The City Sightseeing (aka Hop On Hop Off) buses are very popular. There are routes covering the city and/or the less urban attractions. We took a MyCiti bus one day, which is very inexpensive. The manager of our guesthouse loaned us her MyCiti cards, and I think it cost R7 from Camps Bay to the V&A Waterfront. But at many times the bus only runs twice/hour and transfers are usually required, so it is not that efficient. Taxis are cheap and easy. When you see the meter clicking up at hyper-speed, fear not. Those are effectively penny increments. Getting from 95 Keerom to Camps Bay cost R100 with a generous tip. Unicab comes recommended, and they have an app where you can request pick-up. Uber is here, and we did not use it but a friend said it’s as great as you’d expect. There are some trains, but I don’t know much about these.
Accommodation: We stayed at Bay Atlantic Guest House in Camps Bay, which is southwest of the City Bowl. It was perfect for us. Note they offer a 10% discount if you pay the balance in cash, and I believe a free bottle of wine if you stay three or more nights.
Camps Bay is a wealthy beach community only ~10-15 minutes from downtown. There are many bars and restaurants on the beachfront Victoria Road, though these tend to be pricier and some feel sort of like South Beach in Cape Town. Camps Bay is very convenient for hiking Table Mountain and Lion’s Head, and also for visiting the Atlantic side of the peninsula.
If you plan to visit many museums and/or focus more on nightlife and the urban experience in general, then you might prefer staying in the City Bowl. I read a Forbes article in which the writer raves about One & Only at the V&A Waterfront, and also about Reuben’s restaurant there. Ellerman House is another well-reviewed high-end property, which I think is closer to the action than Camps Bay but maybe farther than the Waterfront.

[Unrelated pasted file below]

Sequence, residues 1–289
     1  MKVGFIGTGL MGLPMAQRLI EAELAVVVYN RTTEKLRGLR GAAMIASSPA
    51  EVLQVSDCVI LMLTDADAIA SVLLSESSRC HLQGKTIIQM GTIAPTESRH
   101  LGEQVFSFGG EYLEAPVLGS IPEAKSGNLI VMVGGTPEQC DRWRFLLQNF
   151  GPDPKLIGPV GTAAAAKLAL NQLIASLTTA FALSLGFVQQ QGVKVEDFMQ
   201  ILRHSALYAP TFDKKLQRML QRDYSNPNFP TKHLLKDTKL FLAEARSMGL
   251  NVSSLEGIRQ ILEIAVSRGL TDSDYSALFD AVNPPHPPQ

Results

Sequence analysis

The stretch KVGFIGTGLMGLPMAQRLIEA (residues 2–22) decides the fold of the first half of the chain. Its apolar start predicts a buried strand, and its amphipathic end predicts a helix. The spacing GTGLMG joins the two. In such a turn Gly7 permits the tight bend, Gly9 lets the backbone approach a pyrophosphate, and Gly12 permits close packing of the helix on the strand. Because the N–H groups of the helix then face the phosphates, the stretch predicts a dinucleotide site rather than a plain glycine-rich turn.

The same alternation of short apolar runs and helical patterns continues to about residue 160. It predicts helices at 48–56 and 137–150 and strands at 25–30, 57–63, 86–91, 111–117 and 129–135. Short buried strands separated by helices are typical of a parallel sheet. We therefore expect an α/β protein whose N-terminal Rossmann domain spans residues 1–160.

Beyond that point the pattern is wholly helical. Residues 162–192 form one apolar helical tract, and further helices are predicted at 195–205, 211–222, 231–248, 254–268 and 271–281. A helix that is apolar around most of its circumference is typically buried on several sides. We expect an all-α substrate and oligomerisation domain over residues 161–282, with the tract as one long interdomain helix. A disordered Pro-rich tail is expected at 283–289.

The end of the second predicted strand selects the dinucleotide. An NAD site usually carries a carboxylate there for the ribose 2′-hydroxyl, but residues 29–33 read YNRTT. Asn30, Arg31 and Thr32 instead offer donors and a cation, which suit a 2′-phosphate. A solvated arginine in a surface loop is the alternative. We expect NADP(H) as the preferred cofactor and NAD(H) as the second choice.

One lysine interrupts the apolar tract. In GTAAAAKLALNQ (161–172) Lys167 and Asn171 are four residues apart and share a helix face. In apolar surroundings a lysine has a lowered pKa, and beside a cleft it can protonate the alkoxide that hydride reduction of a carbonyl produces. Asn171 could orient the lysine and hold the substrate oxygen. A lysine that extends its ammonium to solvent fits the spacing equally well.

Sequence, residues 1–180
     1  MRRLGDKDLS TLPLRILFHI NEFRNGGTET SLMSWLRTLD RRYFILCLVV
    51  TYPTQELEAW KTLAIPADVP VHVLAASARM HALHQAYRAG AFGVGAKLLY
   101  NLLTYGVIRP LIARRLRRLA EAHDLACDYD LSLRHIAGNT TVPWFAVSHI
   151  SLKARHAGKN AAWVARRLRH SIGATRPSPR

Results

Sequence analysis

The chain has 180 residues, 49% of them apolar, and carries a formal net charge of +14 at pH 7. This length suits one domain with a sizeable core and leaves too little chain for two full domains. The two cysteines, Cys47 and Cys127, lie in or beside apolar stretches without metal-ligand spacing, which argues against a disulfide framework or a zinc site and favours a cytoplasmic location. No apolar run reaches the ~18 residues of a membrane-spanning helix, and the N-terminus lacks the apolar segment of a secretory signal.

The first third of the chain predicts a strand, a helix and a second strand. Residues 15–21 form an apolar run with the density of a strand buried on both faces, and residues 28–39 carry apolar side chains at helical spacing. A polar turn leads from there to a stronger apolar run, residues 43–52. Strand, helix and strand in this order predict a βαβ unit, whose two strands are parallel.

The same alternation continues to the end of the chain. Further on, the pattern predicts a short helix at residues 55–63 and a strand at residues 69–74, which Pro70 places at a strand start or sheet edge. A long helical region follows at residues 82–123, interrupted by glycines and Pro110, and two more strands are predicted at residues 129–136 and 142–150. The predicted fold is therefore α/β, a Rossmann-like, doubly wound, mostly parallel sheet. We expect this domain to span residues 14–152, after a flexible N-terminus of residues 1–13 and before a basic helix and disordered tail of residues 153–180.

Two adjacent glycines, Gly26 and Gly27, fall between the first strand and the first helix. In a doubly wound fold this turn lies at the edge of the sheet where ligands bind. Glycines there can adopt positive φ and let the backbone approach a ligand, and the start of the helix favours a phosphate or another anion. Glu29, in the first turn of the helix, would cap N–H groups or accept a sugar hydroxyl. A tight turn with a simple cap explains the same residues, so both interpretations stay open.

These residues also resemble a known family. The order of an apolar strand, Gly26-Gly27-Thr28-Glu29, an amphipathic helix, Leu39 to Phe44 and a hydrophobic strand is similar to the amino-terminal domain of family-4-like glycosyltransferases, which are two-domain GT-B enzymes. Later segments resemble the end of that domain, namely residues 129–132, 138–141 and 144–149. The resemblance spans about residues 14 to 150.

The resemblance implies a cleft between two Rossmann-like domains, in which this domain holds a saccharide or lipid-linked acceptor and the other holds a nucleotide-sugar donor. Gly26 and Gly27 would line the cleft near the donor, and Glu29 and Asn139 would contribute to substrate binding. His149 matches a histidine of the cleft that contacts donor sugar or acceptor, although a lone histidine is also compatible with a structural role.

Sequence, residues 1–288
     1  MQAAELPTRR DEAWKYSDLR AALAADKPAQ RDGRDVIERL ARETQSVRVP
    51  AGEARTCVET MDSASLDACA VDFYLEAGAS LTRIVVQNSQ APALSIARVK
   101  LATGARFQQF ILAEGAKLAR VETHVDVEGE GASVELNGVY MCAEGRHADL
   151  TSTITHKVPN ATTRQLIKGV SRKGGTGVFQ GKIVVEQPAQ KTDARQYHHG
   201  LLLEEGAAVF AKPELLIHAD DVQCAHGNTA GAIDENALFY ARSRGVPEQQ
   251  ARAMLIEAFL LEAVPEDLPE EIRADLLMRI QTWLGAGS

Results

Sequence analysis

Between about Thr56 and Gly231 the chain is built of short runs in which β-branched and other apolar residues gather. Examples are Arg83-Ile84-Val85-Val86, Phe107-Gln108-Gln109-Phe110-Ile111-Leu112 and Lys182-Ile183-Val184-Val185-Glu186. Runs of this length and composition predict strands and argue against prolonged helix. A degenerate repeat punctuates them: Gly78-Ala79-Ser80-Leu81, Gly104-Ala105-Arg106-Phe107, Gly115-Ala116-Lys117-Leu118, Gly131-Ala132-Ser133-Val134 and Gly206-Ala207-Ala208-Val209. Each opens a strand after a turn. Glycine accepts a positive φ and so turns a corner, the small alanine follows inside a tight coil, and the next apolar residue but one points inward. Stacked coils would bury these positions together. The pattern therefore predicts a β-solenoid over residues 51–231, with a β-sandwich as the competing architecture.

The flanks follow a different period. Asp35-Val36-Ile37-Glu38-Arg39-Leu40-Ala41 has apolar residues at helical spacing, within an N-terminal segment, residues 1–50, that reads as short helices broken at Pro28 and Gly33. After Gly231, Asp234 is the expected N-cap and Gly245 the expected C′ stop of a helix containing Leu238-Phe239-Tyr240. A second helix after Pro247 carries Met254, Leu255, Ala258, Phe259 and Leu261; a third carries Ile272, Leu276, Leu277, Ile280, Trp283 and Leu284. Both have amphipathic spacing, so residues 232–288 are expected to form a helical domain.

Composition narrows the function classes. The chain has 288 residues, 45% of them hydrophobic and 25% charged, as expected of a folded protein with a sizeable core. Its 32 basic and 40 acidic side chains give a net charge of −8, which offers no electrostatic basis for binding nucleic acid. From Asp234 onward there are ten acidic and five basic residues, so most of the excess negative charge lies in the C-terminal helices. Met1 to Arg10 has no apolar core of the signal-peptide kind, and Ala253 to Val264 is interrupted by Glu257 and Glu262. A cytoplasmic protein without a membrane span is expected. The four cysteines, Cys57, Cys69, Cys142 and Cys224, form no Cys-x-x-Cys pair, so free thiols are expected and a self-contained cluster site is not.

Food and Drinks: Dinner at Blues in Camps Bay was good. We found the pasta at 95 Keerom so-so but the lamb chops and chocolate fondant were excellent. Lunch at Sevruga at the V&A Waterfront was uninspiring. Live Bait in Kalk Bay was solid. We also had lunch at Simon’s at Groot Constantia. The salad was so-so, the peri peri chicken was phenomenal. The food court (and overall scene) at Bay Harbour Market in Hout Bay was on point. We got pizza delivered from Col’Cacchio, and it did not disappoint.
In general, we have been impressed by the seafood in South Africa, and by the value of the food and wine. There are endless dining options in and around Cape Town, I’ll just mention a smattering that folks recommended: high tea at Mount Nelson Hotel; La Colombe; Fork (on Long Street); The Roundhouse; Carne (same owner as 95 Keerom); Bizerca; The Codfather; The Test Kitchen.
Activities: We spent only one day exploring the city proper, when we visited the V&A Waterfront, Bo-Kaap, Long Street, Greenmarket Square and Company’s Garden. Most of the rest of our time was some combo of the peninsula and/or hiking.